Photo Credit: Juan Figueroa | Daily Texan Staff

Texas track and field head coach Mario Sategna “has separated from the program” in his fifth year as head coach, per a press release from Texas Athletics on Thursday morning. Associate Head Coach Tonja Buford-Bailey will take over as interim head coach immediately.

“After discussing the future of our track and field program, I felt it was best to move forward and head in a new direction at this time,” Texas athletic director Chris Del Conte said in a statement. “Coach Buford-Bailey has a great deal of experience as a head coach and has been a valuable leader in our program for several years now. We have full confidence in her ability to lead our student-athletes and in assuming the duties of head coach immediately.”

Sategna spent 15 years in total with the Texas program, in which he saw his fair share of success. In 2016, however, Sategna underwent an ethics probe in which he took a four-month leave of absence.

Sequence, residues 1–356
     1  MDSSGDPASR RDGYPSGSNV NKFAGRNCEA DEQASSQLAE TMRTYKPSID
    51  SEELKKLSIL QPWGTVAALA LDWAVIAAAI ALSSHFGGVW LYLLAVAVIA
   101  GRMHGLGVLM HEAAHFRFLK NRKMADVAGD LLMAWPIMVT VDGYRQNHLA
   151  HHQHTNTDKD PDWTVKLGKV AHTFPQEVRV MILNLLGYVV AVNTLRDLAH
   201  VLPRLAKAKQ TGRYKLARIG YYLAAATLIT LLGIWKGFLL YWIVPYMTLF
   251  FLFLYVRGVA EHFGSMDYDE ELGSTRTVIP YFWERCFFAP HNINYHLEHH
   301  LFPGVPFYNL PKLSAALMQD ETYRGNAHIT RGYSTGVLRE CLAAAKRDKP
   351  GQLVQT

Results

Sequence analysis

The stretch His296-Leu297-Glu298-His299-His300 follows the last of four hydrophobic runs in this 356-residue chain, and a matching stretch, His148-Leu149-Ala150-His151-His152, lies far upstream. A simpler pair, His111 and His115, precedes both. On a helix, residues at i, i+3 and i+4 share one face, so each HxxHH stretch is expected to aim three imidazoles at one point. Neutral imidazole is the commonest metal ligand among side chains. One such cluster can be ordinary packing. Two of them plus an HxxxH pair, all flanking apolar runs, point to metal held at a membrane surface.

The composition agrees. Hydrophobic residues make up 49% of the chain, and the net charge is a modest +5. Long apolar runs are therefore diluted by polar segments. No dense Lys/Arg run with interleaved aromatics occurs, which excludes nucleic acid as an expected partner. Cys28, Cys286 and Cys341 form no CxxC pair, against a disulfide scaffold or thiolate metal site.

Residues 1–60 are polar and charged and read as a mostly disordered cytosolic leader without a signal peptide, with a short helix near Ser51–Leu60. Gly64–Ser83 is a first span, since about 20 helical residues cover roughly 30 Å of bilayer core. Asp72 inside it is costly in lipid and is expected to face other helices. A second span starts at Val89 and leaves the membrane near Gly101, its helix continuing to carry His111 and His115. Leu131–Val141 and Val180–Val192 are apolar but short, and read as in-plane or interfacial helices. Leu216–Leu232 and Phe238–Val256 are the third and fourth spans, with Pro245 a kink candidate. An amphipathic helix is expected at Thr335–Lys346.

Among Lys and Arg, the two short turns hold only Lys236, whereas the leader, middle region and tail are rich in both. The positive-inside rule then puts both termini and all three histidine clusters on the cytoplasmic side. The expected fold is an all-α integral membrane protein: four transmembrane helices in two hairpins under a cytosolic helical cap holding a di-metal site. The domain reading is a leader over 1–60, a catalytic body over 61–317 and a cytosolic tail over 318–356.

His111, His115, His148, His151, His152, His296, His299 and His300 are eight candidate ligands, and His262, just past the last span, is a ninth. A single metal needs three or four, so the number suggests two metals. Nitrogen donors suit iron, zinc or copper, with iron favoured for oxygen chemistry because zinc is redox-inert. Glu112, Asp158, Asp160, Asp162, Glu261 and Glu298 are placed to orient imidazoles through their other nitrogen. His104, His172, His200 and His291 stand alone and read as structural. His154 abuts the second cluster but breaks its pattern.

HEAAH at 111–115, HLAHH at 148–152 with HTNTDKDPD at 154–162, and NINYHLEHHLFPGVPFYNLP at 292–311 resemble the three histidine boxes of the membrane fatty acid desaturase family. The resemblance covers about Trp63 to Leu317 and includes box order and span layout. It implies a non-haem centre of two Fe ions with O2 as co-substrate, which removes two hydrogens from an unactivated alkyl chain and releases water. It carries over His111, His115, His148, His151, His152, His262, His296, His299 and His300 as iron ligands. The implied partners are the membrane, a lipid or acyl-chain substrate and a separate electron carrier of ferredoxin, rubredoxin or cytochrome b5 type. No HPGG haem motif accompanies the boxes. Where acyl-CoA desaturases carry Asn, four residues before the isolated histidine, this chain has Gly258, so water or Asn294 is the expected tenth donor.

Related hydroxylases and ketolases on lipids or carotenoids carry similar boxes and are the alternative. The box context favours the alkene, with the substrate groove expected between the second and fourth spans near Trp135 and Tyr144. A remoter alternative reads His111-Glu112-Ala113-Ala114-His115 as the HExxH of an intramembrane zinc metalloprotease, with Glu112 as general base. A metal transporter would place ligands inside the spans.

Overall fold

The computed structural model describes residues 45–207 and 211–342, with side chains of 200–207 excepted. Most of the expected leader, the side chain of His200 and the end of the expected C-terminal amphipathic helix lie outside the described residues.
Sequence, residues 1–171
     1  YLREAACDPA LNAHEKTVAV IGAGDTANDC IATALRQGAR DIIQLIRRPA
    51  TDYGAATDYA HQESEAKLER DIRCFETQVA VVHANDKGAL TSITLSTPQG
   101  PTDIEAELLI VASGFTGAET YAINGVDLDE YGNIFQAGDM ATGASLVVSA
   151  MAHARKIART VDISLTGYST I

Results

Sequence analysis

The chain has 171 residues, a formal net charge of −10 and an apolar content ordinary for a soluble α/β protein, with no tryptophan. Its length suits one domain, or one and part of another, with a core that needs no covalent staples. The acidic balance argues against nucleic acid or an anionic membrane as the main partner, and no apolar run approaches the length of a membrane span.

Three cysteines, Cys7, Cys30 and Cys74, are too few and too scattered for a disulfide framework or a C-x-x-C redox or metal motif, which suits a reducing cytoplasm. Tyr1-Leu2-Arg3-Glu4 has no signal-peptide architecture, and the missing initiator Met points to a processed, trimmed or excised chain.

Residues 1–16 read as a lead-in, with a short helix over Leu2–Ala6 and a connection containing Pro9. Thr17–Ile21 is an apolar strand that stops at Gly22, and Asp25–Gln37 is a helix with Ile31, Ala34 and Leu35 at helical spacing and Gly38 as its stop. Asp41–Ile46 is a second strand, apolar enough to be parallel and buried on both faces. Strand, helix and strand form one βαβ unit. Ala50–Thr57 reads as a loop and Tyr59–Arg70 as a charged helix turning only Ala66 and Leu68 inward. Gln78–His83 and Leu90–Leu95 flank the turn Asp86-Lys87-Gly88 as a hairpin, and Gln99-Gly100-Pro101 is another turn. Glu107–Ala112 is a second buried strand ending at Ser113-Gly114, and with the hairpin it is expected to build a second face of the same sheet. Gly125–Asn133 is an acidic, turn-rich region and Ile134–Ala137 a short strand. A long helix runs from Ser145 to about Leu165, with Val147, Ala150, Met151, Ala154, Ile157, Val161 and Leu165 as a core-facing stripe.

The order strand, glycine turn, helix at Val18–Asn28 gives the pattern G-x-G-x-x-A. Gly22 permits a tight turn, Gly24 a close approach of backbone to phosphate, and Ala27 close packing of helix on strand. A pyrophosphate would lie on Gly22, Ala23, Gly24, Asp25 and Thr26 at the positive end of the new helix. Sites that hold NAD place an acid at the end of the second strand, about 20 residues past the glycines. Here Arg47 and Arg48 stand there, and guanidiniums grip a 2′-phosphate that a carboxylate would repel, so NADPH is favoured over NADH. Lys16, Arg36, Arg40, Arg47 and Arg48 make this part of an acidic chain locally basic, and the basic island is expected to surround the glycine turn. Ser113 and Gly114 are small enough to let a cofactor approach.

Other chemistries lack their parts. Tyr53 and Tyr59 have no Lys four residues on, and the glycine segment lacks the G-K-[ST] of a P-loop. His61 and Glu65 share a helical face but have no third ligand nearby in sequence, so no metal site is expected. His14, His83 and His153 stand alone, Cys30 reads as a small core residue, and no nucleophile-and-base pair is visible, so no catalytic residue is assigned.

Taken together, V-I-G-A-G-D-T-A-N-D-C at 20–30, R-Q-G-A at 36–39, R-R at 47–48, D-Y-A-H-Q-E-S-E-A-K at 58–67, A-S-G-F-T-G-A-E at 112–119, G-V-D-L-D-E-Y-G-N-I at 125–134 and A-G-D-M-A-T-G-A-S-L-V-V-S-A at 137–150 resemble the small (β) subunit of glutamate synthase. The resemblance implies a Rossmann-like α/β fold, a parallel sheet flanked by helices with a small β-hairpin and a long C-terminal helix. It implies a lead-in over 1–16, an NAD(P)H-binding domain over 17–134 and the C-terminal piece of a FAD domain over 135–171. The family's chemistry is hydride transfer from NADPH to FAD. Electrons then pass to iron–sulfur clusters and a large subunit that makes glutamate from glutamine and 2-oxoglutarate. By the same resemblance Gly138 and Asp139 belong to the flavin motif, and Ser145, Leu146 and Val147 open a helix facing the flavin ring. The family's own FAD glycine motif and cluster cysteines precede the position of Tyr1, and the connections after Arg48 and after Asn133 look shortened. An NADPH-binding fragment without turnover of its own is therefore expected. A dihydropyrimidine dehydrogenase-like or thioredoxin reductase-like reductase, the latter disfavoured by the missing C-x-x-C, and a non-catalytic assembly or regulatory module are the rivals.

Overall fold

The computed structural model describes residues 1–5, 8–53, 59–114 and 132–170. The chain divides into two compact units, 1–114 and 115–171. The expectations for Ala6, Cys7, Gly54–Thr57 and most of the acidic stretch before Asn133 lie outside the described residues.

Photo Credit: Anthony Mireles | Daily Texan Staff

Texas athletic director Chris Del Conte made a resounding proclamation during the ceremony for the new Texas Tennis Center Sunday afternoon.

“This is, by far, the greatest tennis facility in the country,” Del Conte said.

The Longhorns’ brand-new tennis facility, which is located directly north of UFCU Disch-Falk Field, had its grand opening Sunday. The project has been years in the making. Since the retirement of the Penick-Allison Tennis Center at the end of the 2014 spring season, Texas’ tennis program has not had a formal home.